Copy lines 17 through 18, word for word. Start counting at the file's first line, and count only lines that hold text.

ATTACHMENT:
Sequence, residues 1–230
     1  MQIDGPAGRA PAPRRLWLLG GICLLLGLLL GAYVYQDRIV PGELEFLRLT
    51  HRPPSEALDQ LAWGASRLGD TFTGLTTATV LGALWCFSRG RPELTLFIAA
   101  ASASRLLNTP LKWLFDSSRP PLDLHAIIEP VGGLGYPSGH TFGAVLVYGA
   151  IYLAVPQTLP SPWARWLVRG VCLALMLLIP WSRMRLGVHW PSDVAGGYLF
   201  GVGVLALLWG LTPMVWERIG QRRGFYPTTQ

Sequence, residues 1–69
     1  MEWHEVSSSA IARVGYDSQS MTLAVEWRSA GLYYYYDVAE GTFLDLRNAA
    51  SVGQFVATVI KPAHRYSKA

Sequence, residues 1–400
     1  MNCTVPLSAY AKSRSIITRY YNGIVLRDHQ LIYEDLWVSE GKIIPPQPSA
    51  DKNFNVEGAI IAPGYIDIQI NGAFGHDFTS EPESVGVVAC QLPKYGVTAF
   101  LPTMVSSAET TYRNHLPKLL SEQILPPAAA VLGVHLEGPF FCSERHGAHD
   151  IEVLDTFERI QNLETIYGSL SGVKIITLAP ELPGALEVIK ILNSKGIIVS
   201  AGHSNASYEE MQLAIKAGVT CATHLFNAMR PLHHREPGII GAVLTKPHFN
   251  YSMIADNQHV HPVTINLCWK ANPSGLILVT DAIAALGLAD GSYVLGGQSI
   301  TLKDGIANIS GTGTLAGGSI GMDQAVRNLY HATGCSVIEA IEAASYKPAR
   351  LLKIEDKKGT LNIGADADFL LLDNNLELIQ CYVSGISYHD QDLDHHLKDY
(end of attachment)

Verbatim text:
   301  TLKDGIANIS GTGTLAGGSI GMDQAVRNLY HATGCSVIEA IEAASYKPAR
   351  LLKIEDKKGT LNIGADADFL LLDNNLELIQ CYVSGISYHD QDLDHHLKDY